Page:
Check out the latest info and research from Coach Chris' explorations in the Subject of Internal Power.
When we think of the Internal Arts we often think of the slow motion practice or people standing in static postures but there is an interesting phenomena related to these practices. One which we see in combative exchange but is not immediately apparent in these fundamental training methods. This is the ability for some internal artists to move at blindingly fast speeds even though much of their training can be focused moving slowly.
How does static posture training or slow movement practice actually increase the speed of the practitioner? The two ideas seem to be at odds!
There are several factors at play here but first we can say that moving slowly or holding a static position makes us better able to recognize precisely how much effort is needed to perform a given action.
There is a physical law known as the Weber Fenscher Law which states:
’The higher the speed of a given movement, the less able we become to recognise the power required to perform it.’
In this method we use the front and back of the Lower Dan Tien or Taren, in harmony with one another. It is this complimentary harmony of opposites, a pair of actions happening simultaneously but in opposition that gives this method its name. It is not a singular direction or motion but a 'Pair' of actions creating 'one' result. The Ming Men and Qi hai are the origination and termination points for the harmonized opening and closing in of the torso we will talk about in this post.
The internal arts and methods are perhaps best defined by the way in which they utilize the body to create, receive and transform forces. There are many different ways in which the body is used in this regard from rotating and rolling the Center, to tensioning the connective tissue web, to co-ordinating the limb and body into a unified action. But in this post we will be looking at one of these interesting methods that utilizes the Axis of the body in a ‘wave’. This is often referred to as the ‘spine wave’.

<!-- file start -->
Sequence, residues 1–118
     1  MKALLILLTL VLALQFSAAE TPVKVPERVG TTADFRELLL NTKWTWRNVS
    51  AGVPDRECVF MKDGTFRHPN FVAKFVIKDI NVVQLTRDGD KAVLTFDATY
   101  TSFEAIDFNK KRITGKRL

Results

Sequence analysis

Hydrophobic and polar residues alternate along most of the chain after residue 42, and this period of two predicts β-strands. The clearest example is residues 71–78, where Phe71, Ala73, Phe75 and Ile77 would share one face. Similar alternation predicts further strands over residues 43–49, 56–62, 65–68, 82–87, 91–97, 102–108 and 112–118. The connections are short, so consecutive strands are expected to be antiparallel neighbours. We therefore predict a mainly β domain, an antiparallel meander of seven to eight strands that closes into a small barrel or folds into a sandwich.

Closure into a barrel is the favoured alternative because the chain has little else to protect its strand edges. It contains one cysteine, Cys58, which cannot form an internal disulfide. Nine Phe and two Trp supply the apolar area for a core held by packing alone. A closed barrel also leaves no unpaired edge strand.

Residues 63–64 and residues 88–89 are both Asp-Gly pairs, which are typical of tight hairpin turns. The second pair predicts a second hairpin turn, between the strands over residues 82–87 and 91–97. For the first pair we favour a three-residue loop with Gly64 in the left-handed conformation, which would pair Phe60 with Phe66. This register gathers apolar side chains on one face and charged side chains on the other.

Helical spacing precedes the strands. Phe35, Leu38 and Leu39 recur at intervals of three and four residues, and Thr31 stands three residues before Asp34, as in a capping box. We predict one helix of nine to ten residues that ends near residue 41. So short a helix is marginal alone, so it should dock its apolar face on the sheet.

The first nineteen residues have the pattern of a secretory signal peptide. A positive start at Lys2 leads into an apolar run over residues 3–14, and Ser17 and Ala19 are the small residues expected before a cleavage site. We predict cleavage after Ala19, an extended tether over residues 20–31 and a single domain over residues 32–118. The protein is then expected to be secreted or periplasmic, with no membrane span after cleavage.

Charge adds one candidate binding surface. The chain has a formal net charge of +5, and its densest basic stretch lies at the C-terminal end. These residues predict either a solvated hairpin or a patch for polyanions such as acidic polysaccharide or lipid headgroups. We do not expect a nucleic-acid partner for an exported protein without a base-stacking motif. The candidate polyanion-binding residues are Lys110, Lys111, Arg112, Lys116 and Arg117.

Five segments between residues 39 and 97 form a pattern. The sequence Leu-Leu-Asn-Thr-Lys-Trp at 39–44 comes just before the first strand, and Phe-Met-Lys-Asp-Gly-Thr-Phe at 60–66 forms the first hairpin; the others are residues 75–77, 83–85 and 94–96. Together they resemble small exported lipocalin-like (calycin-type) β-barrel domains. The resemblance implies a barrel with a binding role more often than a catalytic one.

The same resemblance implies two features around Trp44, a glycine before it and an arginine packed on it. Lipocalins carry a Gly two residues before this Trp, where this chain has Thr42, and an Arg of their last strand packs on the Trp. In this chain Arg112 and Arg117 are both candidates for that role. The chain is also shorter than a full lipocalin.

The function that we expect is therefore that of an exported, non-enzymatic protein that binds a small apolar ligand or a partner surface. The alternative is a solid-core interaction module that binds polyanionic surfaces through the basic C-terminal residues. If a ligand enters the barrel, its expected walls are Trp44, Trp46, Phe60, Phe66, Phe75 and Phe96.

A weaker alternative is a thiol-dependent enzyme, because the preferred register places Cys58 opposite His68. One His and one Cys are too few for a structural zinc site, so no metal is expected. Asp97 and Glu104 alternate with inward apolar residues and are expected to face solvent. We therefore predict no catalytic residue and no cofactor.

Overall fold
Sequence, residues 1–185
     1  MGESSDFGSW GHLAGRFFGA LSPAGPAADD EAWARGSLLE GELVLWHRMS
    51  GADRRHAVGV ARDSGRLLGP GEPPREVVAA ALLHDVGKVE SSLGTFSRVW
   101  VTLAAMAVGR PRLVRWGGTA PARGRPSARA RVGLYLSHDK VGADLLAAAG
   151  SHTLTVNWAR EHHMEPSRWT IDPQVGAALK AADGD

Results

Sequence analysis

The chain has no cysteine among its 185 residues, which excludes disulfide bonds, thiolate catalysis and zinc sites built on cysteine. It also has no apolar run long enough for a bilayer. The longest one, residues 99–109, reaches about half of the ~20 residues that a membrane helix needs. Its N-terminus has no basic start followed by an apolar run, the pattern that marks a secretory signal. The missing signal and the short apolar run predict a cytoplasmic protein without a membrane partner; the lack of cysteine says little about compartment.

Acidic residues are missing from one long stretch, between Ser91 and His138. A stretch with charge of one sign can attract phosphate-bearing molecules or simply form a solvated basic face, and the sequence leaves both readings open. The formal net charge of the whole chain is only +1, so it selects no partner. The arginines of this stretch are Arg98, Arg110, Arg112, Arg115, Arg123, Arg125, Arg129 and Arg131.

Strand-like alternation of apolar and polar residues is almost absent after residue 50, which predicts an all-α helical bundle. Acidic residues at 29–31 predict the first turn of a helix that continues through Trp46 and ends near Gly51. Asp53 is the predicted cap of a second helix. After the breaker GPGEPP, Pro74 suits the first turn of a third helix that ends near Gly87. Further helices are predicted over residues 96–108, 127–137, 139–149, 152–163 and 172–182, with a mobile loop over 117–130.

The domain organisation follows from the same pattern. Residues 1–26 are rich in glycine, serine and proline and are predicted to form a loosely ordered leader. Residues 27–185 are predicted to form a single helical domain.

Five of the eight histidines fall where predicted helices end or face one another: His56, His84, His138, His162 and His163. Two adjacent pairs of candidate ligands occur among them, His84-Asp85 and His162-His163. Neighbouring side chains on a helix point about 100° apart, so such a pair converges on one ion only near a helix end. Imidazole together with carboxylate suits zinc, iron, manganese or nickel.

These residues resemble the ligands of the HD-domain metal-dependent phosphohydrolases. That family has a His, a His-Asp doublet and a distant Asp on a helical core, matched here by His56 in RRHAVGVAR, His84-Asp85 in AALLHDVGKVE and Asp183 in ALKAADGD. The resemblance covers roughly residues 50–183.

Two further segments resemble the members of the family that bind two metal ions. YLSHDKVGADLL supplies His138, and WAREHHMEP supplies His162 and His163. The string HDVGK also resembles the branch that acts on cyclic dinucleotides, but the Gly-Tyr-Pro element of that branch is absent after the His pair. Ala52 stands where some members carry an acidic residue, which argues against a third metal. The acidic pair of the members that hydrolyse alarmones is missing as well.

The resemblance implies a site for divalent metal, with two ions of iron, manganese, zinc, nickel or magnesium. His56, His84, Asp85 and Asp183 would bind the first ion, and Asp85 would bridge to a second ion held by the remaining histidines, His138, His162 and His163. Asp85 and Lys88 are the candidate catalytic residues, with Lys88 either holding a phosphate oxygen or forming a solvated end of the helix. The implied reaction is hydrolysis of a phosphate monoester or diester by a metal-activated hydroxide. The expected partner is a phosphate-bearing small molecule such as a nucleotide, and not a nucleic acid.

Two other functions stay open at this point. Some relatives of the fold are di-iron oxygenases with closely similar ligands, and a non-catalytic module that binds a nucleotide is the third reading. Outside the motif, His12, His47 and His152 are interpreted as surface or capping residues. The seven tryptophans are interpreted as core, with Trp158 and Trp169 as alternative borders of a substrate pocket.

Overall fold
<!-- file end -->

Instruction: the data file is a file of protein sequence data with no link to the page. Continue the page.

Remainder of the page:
The spine wave is created by the action of the Lumbar Spine, the thoracic spine and associated tissues working sequentially but in harmony with one another. It is often seen in the crashing forward direction of Xing Yi Quan’s Pi or ‘splitting’ method or in TaiJi Quan’s An or ‘push downwards’ method.
All the Principles of Heaven and Earth are living inside you"
Ueshiba Morihei - Founder of Aikido.
‘Heaven, Earth, Man’ is a concept we find in many of the internal arts. Although the model can relate to many things, from Taoist mystical concepts to the nature of our place in reality.
I like to use the model to describe a practical part of internal power training and movement. The training of the balance of opposites within the body and how letting one win over the other can create movement or action.
Intent (as we mean it in this training) is the link between the minds thought to act and the bodies resulting action. Although ever present, there are several ways we can train this link to make it stronger, faster and more direct.
One way is the exercise of - ’move before you move’. When standing in a specific position we can REALLY try to reach into the distance with our posture. That is to say our mind is telling our body that we are really going to begin moving that direction at any second.
"rooted in the feet,
generated from the legs,
controlled by the waist, and
manifested through the fingers."
Tai Chi Classics.
This famous verse from the Tai Chi Classics identifies how the various parts of the body act in unison with each other to produce whole body connected power. One of the really interesting and often misinterpreted areas of the body for study is the waist. Some people consider this the pelvis, some the ‘hips’, some the area between the lower ribs and the iliac crests, but we can actually look at the muscle groups associated with ‘control’ to better understand why it is so important to the internal artists.
The breath is intimately linked with Internal Practices. Almost all of the internal practies i have researched or encountered have a very close relationship with the breathing system.
Obviously without breath we would not be around to practice, but why is this part of the body process so deeply focused on in the internal arts? Over the next few posts we will be examining a small section of this very large topic!
But firstly and practically, we can say that the breath is a very useful tool to lead relaxation and to remove unwanted tension. When we ask someone to relax, one of their natural responces (if they are not thinking too hard) is to let out their breath. This is the natural way for us to release tension.
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